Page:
Daniel works at DIW

Daniel Kemptner

health economics education economics public economics pension policy applied microeconometrics

About

Daniel Kemptner works as a research associate at DIW Berlin. After having studied economics at the University of Mannheim and the University of Toronto, he joined the Graduate Center of DIW Berlin in September 2009. In June 2013, he obtained his Ph.D. at the Free University Berlin. He is an empirical microeconomist who uses large household survey and administrative data sets to advance our understanding of economic inequality. In more detail, he uses structural dynamic life cycle models and evaluation techniques to analyze determinants of lifetime income as well as policy measures that affect the lifetime income distribution. Thereby, the inequality of lifetime income is a key barometer of disparities in living standards. In this context, health and education as drivers of inequality in life cycle outcomes has been a particular focus of his research. Further, his work aims at providing new insights on the government’s possibilities to affect income inequality through public policies.

 

 

CV

Curriculum Vitae
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Research statement
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Teaching statement
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Research - Working Papers

Insurance, Redistribution, and the Inequality of Lifetime Income (Job Market Paper)
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Research - Published Papers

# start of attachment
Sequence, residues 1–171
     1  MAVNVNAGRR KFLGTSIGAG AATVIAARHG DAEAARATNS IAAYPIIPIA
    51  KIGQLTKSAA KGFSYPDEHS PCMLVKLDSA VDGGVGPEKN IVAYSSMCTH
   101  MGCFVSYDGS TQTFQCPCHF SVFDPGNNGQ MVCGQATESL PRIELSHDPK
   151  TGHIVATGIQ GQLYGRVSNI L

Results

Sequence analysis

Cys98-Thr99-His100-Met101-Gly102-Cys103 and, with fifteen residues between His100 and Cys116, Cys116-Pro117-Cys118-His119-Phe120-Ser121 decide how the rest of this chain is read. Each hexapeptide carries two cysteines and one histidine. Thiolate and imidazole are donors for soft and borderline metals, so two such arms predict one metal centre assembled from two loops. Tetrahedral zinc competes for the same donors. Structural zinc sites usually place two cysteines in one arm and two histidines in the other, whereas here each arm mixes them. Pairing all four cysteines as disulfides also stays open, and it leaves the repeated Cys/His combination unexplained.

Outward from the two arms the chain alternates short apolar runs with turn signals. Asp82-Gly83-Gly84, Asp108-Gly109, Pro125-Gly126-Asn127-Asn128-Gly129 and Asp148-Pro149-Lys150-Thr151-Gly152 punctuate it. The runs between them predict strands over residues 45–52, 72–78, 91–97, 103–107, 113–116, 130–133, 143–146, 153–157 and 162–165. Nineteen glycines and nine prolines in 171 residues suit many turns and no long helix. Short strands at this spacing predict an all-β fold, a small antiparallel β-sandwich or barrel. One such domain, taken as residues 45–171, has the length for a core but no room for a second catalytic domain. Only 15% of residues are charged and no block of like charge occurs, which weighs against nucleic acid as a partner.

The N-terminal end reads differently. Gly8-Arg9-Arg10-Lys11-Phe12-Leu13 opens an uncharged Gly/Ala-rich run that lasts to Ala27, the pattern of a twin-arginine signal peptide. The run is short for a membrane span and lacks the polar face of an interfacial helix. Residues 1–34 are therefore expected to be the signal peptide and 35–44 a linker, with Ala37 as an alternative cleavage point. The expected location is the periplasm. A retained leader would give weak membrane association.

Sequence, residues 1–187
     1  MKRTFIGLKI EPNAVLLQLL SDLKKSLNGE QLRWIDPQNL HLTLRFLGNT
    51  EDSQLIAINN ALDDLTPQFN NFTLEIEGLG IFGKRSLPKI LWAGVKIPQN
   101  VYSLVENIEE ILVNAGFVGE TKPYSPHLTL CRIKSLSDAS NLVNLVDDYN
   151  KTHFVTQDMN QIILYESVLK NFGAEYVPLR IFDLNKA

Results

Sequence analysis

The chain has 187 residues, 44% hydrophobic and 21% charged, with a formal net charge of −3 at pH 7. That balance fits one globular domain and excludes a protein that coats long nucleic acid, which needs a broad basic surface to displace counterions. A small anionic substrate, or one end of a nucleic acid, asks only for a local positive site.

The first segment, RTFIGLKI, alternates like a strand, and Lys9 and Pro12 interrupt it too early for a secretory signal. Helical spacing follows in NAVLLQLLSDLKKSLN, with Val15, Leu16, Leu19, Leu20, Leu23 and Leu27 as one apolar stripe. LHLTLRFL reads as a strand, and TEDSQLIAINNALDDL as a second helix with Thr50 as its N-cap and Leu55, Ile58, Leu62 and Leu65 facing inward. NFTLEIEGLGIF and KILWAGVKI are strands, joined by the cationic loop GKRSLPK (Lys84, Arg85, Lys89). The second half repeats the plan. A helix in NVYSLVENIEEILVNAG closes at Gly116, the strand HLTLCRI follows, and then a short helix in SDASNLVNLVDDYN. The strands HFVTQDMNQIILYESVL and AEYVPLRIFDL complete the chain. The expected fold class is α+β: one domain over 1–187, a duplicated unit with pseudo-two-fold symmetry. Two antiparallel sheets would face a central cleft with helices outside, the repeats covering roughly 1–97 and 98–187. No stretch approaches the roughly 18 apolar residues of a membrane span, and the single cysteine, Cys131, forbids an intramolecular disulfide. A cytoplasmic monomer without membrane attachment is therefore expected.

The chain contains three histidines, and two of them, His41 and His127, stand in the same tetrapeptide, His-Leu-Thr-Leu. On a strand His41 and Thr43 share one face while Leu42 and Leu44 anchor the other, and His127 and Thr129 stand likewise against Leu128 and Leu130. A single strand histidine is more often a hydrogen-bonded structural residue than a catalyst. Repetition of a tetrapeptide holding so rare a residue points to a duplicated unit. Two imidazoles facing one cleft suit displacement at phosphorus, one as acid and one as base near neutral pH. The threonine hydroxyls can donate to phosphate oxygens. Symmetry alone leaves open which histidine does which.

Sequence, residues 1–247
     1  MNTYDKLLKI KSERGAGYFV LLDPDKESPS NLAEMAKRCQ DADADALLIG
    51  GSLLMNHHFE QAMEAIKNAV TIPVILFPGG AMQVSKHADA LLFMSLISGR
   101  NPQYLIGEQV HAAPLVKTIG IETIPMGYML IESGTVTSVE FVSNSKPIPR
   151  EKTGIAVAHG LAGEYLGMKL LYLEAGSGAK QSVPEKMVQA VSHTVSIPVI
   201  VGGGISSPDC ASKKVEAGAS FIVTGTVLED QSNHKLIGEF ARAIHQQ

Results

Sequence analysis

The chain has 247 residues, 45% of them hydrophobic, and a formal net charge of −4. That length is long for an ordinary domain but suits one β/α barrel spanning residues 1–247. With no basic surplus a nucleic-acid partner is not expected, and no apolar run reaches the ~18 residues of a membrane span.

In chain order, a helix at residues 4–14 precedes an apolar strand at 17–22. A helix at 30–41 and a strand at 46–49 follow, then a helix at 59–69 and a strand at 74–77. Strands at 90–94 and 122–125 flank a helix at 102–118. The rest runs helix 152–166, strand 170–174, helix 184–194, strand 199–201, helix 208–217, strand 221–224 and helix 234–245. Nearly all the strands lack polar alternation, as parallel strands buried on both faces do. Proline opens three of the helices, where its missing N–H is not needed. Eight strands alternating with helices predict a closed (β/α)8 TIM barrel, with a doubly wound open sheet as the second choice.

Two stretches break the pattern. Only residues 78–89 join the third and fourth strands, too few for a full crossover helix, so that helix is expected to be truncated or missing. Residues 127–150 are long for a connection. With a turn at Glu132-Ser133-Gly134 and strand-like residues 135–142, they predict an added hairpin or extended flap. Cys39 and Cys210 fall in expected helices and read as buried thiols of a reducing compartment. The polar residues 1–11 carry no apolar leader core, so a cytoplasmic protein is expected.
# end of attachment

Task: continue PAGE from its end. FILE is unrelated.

Health-Related Life Cycle Risks and Public Insurance (Journal of Health Economics)
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The rising longevity gap by lifetime earnings – Distributional implications for the pension system (Journal of the Economics of Ageing)
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Changes in Compulsory Schooling and the Causal Effect of Education on Health: Evidence from Germany (Journal of Health Economics)
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The Role of Time Preferences in Educational Decision Making (Economics of Education Review)
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Effectiveness of early retirement disincentives: Individual welfare, distributional and fiscal implications (Labour Economics)
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Bayesian procedures as a numerical tool for the estimation of an intertemporal discrete choice model (Empirical Economics)
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Spillover effects of maternal education on child’s health and health behavior (Review of Economics of the Household)
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